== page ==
HLAA filed comments with the Federal Aviation Administration (FAA) in response to their draft Advisory Circular (AC), Access to Airports by Individuals with Disabilities.
The Aviation Consumer Protection Division of the US Department of Transportation receives complaints from members of the public regarding air travel consumer issues. According to their website:
The Office of the Assistant General Counsel for Aviation Enforcement and Proceedings, including its Aviation Consumer Protection Division, monitors compliance with and investigates violations of the Department of Transportation’s (Department) aviation economic, consumer protection, and civil rights requirements.
Consumer protection compliance and enforcement activities relate to areas such as unfair and deceptive practices and unfair competition by air carriers and travel agents, deceptive airline advertising (e.g., fare, on-time performance, schedule, code sharing, etc.), and violations of rules concerning denied boarding compensation, ticket refunds, baggage liability requirements, and charter flights.
The Office is also very active in civil rights enforcement. The Department is charged with prohibiting discrimination by airlines and has committed to protecting consumers in this regard. The Office focuses on ensuring that individuals with disabilities obtain nondiscriminatory access to the air transportation system and that the public is not subjected by airlines to unlawful discrimination on the basis of race, religion, national origin or sex during the course of their air transportation.
Department of Transportation’s ACCESS Advisory Committee
Hits the Runway
HLAA was selected by the U.S. Department of Transportation (DOT) to represent people with hearing loss on the newly chartered Advisory Committee on Accessible Air Transportation (ACCESS Advisory Committee). Lise Hamlin, director of public policy at HLAA, attended the first meeting of the Advisory Committee on May 17-18.
The Disability Branch of TSA (Transportation Security Administration) has issued a paper, “What to Expect”. TSA’s Disability Branch distributes these papers each month as part of their Awareness series, where they spotlight do's and don'ts for screening passengers with a particular disability or medical condition.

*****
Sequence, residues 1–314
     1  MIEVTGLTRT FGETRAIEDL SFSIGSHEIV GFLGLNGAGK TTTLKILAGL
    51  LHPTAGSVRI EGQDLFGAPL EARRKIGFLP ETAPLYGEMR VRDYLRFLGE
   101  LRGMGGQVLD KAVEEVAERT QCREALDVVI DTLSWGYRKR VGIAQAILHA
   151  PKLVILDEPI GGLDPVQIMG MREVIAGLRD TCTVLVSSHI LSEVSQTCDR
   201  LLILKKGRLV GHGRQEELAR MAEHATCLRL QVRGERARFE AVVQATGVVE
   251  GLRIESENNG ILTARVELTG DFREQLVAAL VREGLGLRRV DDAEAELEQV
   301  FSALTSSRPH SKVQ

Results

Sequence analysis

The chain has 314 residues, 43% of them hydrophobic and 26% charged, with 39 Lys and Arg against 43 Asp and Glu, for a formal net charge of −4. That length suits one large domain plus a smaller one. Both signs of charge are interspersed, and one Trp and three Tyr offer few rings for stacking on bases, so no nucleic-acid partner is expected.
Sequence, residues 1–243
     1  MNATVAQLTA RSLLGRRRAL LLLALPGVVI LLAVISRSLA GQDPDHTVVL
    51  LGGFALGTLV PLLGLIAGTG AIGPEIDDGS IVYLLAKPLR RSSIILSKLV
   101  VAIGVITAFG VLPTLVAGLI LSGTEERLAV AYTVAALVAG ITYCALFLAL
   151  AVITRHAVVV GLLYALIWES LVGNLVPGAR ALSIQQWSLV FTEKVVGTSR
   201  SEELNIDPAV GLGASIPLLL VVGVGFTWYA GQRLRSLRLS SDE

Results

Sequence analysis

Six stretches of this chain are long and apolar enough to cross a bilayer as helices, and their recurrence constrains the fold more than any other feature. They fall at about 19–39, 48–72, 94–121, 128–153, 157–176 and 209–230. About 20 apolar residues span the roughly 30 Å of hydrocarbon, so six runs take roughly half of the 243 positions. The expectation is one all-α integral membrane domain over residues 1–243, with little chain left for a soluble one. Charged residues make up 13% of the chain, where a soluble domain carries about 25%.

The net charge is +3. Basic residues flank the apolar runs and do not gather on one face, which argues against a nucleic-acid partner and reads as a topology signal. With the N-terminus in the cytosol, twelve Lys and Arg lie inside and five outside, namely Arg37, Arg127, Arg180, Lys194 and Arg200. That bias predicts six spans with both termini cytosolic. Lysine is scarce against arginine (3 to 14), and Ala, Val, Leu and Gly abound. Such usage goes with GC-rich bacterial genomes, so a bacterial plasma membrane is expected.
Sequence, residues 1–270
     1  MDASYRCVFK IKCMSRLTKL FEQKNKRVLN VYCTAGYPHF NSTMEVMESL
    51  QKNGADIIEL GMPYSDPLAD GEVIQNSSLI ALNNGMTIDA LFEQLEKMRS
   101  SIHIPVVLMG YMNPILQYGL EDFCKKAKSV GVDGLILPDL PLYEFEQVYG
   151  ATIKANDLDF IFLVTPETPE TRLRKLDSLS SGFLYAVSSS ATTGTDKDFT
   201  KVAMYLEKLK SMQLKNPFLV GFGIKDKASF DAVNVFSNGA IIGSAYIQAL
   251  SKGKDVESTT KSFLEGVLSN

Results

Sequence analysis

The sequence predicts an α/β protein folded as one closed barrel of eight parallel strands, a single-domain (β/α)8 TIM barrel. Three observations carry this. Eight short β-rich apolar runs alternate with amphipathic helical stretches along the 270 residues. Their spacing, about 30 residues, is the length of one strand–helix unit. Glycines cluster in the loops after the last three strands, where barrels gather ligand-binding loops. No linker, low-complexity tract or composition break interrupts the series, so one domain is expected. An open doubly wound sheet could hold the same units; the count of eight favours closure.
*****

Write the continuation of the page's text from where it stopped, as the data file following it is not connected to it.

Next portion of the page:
Due to recent media reports regarding a Department of Homeland Security Office of Inspector General review of Transportation Security Administration (TSA) security screening activities at airports, TSA is implementing policy and procedure changes that will affect all passengers, including passengers with disabilities, in order to better achieve TSA's mission of protecting the nation's transportation systems to ensure freedom of movement for people and commerce.
HLAA is thrilled to announce that Senator Tom Harkin, long time advocate for people with disabilities who was a sponsor of the Americans with Disabilities Act and is now chairman of Senate Committee Health, Education, Labor, and Pensions (HELP) introduced two bills ensuring greater access to captioning at the movies and on airlines. According to the news release issued March 13 by the HELP Committee:
WASHINGTON – As more than 200 million passengers begin their summer travel, the Transportation Security Administration (TSA) reminds travelers of recent modifications to airport screening procedures and provides tips for travel preparations.
WASHINGTON – The Transportation Security Administration (TSA) announced the launch of TSA Cares December 22, 2011, a new helpline number designed to assist travelers with disabilities and medical conditions, prior to getting to the airport. Travelers may call TSA Cares toll free at 1-855-787-2227 prior to traveling with questions about screening policies, procedures and what to expect at the security checkpoint.
Hearing Loss Association of America has been advocating for visual access to air travel information for a very long time. We have filed comments with the U.S. Department of Transportation (DOT) and held meetings in concert with other consumer organizations urging DOT to mandate as visual display of audible information at the gates and other areas, as well as providing captions for in-flight videos. DOT requires that captioning be available on all safety and information related videos, but still does not have a mandate for in-flight entertainment, such as movies or other videos provided.
The United States Department of Transportation (DOT) now has an online Air Travel Complaint/Comment Form that’s quick and easy to use to file a complaint regarding air travel. If you have access to a computer, you can fill out the form and send it to them quickly. What you need to tell them: